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Karriereförderliche und karrierehinderliche Erfahrungen in der Weiterbildungszeit junger Ärztinnen und Ärzte Ergebnisse einer Schweizer Longitudinalstudie


Buddeberg-Fischer, B; Ebeling, I; Stamm, M (2009). Karriereförderliche und karrierehinderliche Erfahrungen in der Weiterbildungszeit junger Ärztinnen und Ärzte Ergebnisse einer Schweizer Longitudinalstudie. Deutsche Medizinische Wochenschrift, 134(48):2451-2457.

Abstract

BACKGROUND AND OBJECTIVES: Postgraduate education after medical school plays an important role in the career development of young doctors. This study investigated what supporting and obstructing factors help or hinder the of young doctors during their specialty training. METHODS: As part of a broader prospective study on determinants of career development of young doctors which had started in 2001, 529 participants were investigated in 2009 regarding the most important career-relevant factors experienced during their specialty training. Content analysis was used to assign the answers given to open questions to inductively defined categories RESULTS: The 1301 answers given about career-supporting factors and the 1047 answers given about career-hindering factors were assigned to 9 and 12 categories respectively. These categories were divided into internal and external career-relevant factors. Important factors relative to career enhancement were career support by superiors and high achievement motivation, followed by good professional qualifications and beneficial working conditions. The answers given in these four categories accounted for two thirds of all mentioned career supporting factors. Regarding career barriers, the four categories with the highest number of answers were lack of career support, unfavourable work-place conditions, extraprofessional concerns and labour market conditions. Significant gender differences were only be found regarding career-hindering factors: Female doctors mentioned more often mentioned concerns and gender-related barriers, while male doctors more often reported labour market conditions and unfavourable personality traits for influencing career advancement. CONCLUSIONS: Career promotion should be provided in a continuous, structured and institutionalized way to make better use of the potential of well trained doctors. The new generation of doctors should not only advocate better professional conditions but also be aware of barriers within themselves that have an impact on their career development.

Abstract

BACKGROUND AND OBJECTIVES: Postgraduate education after medical school plays an important role in the career development of young doctors. This study investigated what supporting and obstructing factors help or hinder the of young doctors during their specialty training. METHODS: As part of a broader prospective study on determinants of career development of young doctors which had started in 2001, 529 participants were investigated in 2009 regarding the most important career-relevant factors experienced during their specialty training. Content analysis was used to assign the answers given to open questions to inductively defined categories RESULTS: The 1301 answers given about career-supporting factors and the 1047 answers given about career-hindering factors were assigned to 9 and 12 categories respectively. These categories were divided into internal and external career-relevant factors. Important factors relative to career enhancement were career support by superiors and high achievement motivation, followed by good professional qualifications and beneficial working conditions. The answers given in these four categories accounted for two thirds of all mentioned career supporting factors. Regarding career barriers, the four categories with the highest number of answers were lack of career support, unfavourable work-place conditions, extraprofessional concerns and labour market conditions. Significant gender differences were only be found regarding career-hindering factors: Female doctors mentioned more often mentioned concerns and gender-related barriers, while male doctors more often reported labour market conditions and unfavourable personality traits for influencing career advancement. CONCLUSIONS: Career promotion should be provided in a continuous, structured and institutionalized way to make better use of the potential of well trained doctors. The new generation of doctors should not only advocate better professional conditions but also be aware of barriers within themselves that have an impact on their career development.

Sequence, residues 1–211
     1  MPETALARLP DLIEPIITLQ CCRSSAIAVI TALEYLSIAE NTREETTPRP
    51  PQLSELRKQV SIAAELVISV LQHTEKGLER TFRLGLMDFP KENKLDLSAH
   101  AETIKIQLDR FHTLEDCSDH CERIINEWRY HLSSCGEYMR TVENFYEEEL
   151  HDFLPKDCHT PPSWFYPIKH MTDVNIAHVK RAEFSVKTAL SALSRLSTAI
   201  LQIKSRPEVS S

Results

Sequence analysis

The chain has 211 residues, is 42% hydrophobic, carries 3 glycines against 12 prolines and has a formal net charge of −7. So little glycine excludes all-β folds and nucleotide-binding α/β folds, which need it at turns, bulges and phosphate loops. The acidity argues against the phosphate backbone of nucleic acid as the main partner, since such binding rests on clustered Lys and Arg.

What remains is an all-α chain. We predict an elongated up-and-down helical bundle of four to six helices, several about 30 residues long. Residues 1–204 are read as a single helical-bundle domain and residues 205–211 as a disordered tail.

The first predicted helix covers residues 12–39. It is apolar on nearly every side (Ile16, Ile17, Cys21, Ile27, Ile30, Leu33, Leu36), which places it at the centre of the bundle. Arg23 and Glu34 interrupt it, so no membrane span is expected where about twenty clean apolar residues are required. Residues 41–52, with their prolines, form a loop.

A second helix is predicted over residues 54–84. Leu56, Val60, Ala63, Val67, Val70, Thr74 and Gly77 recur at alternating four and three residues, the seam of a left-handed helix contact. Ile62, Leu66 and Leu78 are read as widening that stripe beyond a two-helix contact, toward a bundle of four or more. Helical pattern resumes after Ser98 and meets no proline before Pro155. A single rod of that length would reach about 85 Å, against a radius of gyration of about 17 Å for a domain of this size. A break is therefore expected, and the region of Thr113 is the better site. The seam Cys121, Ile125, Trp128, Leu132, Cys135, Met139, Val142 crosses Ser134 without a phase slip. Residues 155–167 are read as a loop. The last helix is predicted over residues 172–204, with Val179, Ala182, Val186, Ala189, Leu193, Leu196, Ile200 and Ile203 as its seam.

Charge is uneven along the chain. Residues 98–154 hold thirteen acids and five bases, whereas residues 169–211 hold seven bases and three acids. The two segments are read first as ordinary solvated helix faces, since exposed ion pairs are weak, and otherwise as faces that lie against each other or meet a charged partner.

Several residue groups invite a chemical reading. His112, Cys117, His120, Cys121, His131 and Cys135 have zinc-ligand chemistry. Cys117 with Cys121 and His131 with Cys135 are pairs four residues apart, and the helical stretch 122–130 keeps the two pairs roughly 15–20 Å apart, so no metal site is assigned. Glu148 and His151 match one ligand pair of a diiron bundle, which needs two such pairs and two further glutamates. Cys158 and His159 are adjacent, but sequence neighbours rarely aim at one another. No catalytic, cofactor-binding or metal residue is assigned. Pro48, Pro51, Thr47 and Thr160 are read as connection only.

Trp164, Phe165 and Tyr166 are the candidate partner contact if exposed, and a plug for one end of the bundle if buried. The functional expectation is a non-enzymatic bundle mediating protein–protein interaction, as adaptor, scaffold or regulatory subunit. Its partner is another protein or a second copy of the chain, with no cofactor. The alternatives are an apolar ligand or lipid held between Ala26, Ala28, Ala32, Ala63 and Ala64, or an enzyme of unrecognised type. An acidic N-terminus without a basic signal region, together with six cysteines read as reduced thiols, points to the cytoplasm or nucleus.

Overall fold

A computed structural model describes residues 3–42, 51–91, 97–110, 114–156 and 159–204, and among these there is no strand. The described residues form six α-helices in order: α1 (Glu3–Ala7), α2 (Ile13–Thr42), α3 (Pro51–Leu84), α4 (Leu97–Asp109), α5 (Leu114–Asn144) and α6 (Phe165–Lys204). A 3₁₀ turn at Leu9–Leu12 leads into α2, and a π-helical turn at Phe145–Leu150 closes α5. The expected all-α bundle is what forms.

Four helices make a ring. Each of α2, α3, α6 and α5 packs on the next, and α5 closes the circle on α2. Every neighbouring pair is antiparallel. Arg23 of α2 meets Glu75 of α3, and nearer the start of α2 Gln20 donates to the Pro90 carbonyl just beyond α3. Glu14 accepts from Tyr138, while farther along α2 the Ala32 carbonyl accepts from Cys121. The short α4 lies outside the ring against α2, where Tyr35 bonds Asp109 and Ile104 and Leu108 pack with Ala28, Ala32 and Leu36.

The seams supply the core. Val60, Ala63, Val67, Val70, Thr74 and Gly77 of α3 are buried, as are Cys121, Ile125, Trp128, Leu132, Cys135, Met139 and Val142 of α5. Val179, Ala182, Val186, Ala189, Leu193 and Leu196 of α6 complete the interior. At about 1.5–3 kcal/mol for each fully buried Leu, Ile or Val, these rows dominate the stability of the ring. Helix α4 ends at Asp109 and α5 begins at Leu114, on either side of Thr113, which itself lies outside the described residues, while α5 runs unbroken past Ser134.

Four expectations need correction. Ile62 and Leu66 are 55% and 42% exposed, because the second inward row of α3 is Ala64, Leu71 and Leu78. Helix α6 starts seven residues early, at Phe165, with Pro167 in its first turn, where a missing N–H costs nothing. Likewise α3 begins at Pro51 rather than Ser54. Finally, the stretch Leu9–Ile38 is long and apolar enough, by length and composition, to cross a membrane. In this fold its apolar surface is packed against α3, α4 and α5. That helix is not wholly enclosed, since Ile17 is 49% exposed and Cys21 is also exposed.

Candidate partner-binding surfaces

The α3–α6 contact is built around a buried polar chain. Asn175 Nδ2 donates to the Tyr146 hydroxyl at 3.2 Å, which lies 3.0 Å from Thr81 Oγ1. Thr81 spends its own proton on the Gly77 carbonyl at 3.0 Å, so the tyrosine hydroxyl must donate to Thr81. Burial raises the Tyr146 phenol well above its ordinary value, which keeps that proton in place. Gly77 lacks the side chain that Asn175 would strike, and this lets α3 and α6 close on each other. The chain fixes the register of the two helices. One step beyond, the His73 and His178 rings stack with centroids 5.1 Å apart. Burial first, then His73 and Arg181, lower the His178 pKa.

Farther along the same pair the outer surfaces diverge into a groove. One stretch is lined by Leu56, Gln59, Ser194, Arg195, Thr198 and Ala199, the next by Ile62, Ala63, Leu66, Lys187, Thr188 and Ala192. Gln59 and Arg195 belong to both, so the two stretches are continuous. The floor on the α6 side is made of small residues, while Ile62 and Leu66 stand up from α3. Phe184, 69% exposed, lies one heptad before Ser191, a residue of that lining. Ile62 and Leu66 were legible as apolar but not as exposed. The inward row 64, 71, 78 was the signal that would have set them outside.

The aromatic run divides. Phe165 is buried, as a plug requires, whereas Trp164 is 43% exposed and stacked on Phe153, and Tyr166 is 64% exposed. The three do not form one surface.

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Additional indexing

Other titles:Experiences of career support and career obstacles in young physicians--results of a Swiss longitudinal study
Item Type:Journal Article, refereed, original work
Communities & Collections:04 Faculty of Medicine > University Hospital Zurich > Division of Psychosocial Medicine (former)
Dewey Decimal Classification:610 Medicine & health
Language:German
Date:2009
Deposited On:04 Jan 2010 10:00
Last Modified:26 Jan 2017 08:45
Publisher:Thieme
ISSN:0012-0472
Additional Information:Copyright: Georg Thieme Verlag
Publisher DOI:https://doi.org/10.1055/s-0029-1243027
PubMed ID:19924609

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